Kevin Dickson treats dozens of patients a day in the emergency department of the Dr. Everett Chalmers hospital in Fredericton.
He does physical exams, takes medical histories, develops treatment plans and discharges patients.
But Dickson is not a doctor, a nurse or a surgeon. He’s a physician assistant.
Working in a hospital that, like most others across Canada, is struggling to cope with health care staffing shortages and increased patient demand, Dickson says he is pleased to have the opportunity to help address gaps in the system — namely, seeing more patients who need medical care.
“We’re seeing unprecedented wait times here in the emergency department on an almost daily basis,” he said.
“I see 20 to 30 patients that wouldn’t otherwise be seen, and that in and of itself is rewarding.”
Physician assistants, or PAs, are medical professionals who have been part of Canada’s military medic system since the 1960s, but they are relatively new to provincial and territorial health systems.
There are fewer than 1,000 certified physician assistants in Canada.
But now, with many front-line health workers calling for urgent action to address a “crisis” of staffing shortages that have caused a host of emergency room closures across Canada in recent months, physician assistants are uniquely situated to help, says Patrick Nelson, executive director of the Canadian Association of Physician Assistants.
However, many are frustrated by an overall lack of awareness about their profession and a deficit of training opportunities in Canada, he said.
Only three universities in the country offer training programs for PAs outside of the Canadian Armed Forces which, combined, offer only 69 seats. As a result, demand for these seats has become highly competitive. This year alone, 3,000 applicants were vying for those limited training availabilities, Nelson said.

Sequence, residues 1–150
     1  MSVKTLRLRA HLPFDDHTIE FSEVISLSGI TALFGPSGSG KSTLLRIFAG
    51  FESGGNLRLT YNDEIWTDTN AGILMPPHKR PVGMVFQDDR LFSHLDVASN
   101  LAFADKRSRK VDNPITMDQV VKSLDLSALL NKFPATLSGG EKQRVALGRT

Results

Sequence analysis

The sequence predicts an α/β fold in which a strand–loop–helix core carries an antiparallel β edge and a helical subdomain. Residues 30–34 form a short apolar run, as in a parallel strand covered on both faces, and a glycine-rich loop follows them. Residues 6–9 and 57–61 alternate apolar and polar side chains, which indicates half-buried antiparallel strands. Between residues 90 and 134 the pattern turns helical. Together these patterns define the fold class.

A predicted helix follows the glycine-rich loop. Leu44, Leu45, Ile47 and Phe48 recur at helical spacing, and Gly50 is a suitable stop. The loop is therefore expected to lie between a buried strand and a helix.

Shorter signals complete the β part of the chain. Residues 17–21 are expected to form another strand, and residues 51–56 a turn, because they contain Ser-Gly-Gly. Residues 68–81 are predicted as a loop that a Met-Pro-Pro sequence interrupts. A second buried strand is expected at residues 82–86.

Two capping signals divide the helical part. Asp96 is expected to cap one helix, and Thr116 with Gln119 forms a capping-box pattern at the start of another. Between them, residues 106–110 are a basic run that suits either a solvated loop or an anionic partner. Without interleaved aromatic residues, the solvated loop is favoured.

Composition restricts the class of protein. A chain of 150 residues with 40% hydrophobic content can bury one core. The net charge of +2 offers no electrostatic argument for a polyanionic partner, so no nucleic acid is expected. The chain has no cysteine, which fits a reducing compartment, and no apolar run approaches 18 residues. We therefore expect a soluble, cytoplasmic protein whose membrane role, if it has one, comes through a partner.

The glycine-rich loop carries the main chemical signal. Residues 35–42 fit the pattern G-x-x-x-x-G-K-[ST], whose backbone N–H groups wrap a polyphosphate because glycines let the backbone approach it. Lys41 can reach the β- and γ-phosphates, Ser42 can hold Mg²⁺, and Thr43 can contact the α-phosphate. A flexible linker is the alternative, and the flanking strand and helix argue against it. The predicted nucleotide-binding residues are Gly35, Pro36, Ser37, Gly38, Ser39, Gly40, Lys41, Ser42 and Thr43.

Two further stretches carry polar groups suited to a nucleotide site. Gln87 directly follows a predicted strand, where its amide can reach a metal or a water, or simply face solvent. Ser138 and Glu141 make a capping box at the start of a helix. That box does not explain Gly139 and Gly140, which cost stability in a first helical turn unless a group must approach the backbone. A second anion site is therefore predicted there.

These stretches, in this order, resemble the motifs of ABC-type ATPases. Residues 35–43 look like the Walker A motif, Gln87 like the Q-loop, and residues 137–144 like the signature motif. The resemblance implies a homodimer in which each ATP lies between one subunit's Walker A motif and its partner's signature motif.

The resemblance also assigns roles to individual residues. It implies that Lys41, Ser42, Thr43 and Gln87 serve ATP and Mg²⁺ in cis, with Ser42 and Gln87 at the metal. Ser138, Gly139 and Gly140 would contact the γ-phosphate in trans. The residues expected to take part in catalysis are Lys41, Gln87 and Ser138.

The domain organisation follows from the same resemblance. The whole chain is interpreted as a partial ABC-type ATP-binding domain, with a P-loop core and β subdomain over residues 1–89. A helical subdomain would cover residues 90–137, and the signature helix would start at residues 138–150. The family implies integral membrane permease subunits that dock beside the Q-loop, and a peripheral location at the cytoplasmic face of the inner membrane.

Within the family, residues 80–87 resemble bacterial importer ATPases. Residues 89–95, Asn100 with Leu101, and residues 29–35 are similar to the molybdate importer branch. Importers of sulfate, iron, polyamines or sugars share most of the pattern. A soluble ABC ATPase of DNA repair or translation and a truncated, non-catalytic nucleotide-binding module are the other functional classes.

“In this day and age, when the health system is seized with our health workforce challenges, it can be frustrating at times to know that there are literally thousands upon thousands of our young folks who are trying to get into training in Canada and there’s only 69 spots in the whole of the country,” he said.
Physician assistants work as part of the public healthcare system in Alberta, Manitoba, Ontario and New Brunswick, in addition to the military, and practise under the supervision of a licensed physician.
Physician assistants not yet implemented in Saskatchewan
Their training enables them to work in a wide array of health care settings, and they can perform many duties normally performed by a full-fledged doctor for routine or straightforward cases. This frees up time and availability of physicians and surgeons to treat more complicated cases and creates opportunities for both PAs and physicians to spend more time with their patients.
Doctors across Canada in almost every area of specialty are reporting higher than ever levels of burnout, according to the Canadian Medical Association, but physician assistants say they are ready and willing to do more to help, Nelson said.
“They’re not feeling overtaxed and tired. They’re feeling like they could contribute more and they’ve been unable to contribute more,” he said.
“That presents a pretty significant opportunity.”
Most provincial and territorial governments are open to the idea of extending legislative regulations to allow PAs to work within their health systems, and regulatory bodies such as physician colleges have been similarly open and receptive, Nelson said.
A number of universities with existing medical schools have also expressed interest in initiating new training programs for PAs, he added.
It’s simply a matter of governments making it a priority to increase funding for and attention to these advancements, Nelson said.
A 2016 analysis by the Conference Board of Canada looking at the value of physician assistants in Canada also pointed to remuneration mechanisms — notably fee-for-service models — as a barrier to introducing PAs into provincial health systems.
Demand for more physician assistants in health care
Meanwhile, the financial incentive of moving forward could be worth the time and effort.
Adding PAs to the health care system could save up to $1.1 billion, according to a separate 2017 analysis by the Conference Board of Canada.
Dickson says he understands adding new health practitioners to Canada’s existing system is not an easy or quick proposal. But PAs can lighten the load for doctors across Canada who have been repeating the refrain that their work and patient loads are unsustainable, Nelson said.
“In Ontario and Manitoba, adding (a PA) to a family doctor’s practice allows them to take almost an extra 900 patients that weren’t assigned physicians,” he said.
“When you face that kind of number, then it becomes a little bit more clear to provinces that haven’t legislated or regulated PAs to have a better look at it, to get involved.”
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